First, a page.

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Donghee Hoh receives the 2022 Kende award

Donghee Hoh is the 2022 recipient of the Kende Award, which acknowledges the best doctoral dissertation in plant sciences at Michigan State University (MSU) over the last two years.

In addition to receiving a monetary award, Hoh was given the opportunity to present a research seminar on her thesis project on December 5, 2022.

Hoh is currently a postdoctoral researcher in David Kramer’s lab at the MSU-DOE Plant Research Laboratory (PRL). She is being recognized for her Ph.D. thesis work, “Investigating the genetic and mechanistic bases of photosynthesis using natural variation.” Hoh received her Ph.D. from MSU in August 2021, where she was advised by Dave Kramer.

Christoph Benning, Donghee Hoh and Dave Kramer
Christoph Benning, Donghee Hoh and Dave Kramer at the 2022 Hans Kende award seminar.
By Kara Headley, MSU-DOE Plant Research Laboratory 2022

“In my first year of MSU, I got into an accident on campus, and I had to get emergency surgery, with several months of recovery,” Hoh said. “My research and coursework were delayed. It was a very frustrating situation, but thanks to much help from my PI, lab, faculties, MSU administration, and even Sparrow hospital, I could overcome it and finally finish this long and dynamic journey.”

Despite these setbacks, Hoh continued her research, leading a collaborative project with several labs across campus which led to the discovery of an unexpected functional connection between specific thylakoid lipid components, redox signaling and responses of photosynthesis to low temperature changes.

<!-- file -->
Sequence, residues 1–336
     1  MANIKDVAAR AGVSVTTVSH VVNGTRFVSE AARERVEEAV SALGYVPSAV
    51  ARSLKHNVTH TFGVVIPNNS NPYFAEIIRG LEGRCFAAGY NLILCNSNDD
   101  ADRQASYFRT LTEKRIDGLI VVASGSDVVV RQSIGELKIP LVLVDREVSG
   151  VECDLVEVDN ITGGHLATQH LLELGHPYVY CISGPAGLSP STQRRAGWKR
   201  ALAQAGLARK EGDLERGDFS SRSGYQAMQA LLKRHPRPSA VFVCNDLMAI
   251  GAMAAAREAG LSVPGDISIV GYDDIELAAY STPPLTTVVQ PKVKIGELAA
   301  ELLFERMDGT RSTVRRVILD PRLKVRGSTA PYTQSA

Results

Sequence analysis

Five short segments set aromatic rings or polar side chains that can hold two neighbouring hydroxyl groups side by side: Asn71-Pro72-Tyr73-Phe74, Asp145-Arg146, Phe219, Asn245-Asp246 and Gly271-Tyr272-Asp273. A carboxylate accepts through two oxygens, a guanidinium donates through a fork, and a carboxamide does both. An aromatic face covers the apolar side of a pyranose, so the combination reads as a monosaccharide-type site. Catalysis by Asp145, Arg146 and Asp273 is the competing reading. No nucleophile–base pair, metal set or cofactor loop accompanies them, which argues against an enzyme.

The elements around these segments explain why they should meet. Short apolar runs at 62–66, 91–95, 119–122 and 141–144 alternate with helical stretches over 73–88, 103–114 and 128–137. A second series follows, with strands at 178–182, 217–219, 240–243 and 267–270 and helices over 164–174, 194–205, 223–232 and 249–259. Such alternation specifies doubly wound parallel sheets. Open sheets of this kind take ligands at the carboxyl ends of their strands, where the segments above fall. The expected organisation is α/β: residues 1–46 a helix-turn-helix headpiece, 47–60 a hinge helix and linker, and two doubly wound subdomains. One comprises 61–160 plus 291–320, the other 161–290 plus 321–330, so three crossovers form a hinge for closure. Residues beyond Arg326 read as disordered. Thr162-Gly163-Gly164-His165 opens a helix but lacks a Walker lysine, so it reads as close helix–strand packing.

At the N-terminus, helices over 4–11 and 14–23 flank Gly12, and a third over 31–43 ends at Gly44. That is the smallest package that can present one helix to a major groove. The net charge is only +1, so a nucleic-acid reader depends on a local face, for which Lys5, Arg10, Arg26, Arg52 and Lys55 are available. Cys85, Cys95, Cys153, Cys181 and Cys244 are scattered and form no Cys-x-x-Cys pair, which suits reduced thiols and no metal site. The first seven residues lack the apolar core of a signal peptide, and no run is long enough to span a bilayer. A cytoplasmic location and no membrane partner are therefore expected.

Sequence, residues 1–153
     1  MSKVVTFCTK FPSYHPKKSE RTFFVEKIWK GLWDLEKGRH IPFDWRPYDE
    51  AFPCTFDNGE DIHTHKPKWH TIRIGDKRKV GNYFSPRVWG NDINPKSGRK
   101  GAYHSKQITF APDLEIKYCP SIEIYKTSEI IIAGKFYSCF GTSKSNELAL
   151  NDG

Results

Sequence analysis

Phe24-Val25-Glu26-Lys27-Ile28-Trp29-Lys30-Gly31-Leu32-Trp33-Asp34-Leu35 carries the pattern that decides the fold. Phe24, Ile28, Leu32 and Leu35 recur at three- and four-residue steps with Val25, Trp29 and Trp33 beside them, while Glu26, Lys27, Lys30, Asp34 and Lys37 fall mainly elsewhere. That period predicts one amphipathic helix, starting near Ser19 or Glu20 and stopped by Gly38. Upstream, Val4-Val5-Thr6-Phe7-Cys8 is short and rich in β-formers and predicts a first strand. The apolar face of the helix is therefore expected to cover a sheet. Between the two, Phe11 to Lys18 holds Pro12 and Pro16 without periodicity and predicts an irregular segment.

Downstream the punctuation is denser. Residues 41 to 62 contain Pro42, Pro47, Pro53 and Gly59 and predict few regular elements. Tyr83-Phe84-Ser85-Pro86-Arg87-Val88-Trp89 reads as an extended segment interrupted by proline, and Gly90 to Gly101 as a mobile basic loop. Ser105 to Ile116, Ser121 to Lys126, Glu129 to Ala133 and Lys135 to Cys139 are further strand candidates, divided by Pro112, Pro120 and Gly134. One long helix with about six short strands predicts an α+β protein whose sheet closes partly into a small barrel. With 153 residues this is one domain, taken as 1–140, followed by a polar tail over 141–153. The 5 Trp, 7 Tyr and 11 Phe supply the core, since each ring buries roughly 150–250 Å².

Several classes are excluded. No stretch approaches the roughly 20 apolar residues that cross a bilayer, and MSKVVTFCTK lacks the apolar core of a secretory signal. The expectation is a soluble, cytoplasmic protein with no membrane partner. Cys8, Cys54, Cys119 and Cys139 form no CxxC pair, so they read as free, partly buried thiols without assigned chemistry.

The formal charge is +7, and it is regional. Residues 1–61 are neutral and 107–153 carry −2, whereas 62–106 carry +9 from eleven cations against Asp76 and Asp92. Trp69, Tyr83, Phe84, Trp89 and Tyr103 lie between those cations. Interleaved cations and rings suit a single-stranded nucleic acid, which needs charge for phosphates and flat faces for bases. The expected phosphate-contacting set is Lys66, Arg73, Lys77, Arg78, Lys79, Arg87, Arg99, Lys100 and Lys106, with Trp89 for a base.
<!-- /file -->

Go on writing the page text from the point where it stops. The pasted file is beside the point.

“Donghee is very easy to work with, a great lab citizen, loves to share her ideas and makes helpful comments to other lab members,” said Kramer, who is a Hannah Distinguished Professor in the Department of Biochemistry & Molecular Biology. “She is dedicated, conscientious, hard-working, creative and eager to do great science. In short, she has been an excellent colleague here.”

Donghee Hoh in her graduation cap and gown
Donghee Hoh graduated in August 2021 with her Ph.D.
Courtesy photo

Hoh is continuing her research with a project looking at how nature has tweaked photosynthesis to respond to dynamic environments. Through a novel approach that she developed in her Ph.D. study combining multiple disciplines to test hypotheses and study mechanistic and genetic bases, she has not only found specific fatty acids that impact photosynthesis under chilling stress but also the unexpected photosynthetic regulatory mechanisms that challenge the canonical models. She is looking at cowpea, but her approaches can be applied to any species and under any environmental condition.

“I hope we can open our minds and see and embrace more diversities by trying to get out of our bubbles,” Hoh added. “Especially as a scientist, I believe there are more things we can impact the world to get better if we gather and work together.”

Hoh received her B.S. in Global Entrepreneurship and Life Science in 2011 and her M.S. in Life Science at Handong Global University in Korea in 2012.

“I am delighted that Dr. Hoh is the recipient of this year’s Hans Kende Award and I congratulate her on behalf of the entire PRL,” said Christoph Benning, director of the PRL. “Dr. Hoh continues to make outstanding contributions to the field of photosynthesis by developing and testing cutting-edge hypotheses towards a better understanding of the regulation of photosynthetic processes. Through her collaborative efforts, she has also greatly contributed to the success of others in supporting the PRL mission.”

To read more about Hoh’s work in the Kramer lab, see this article from MSUToday: “Cutting down on one ‘super fat’ could help plants survive climate change.”

By Kara Headley; Banner image by Kara Headley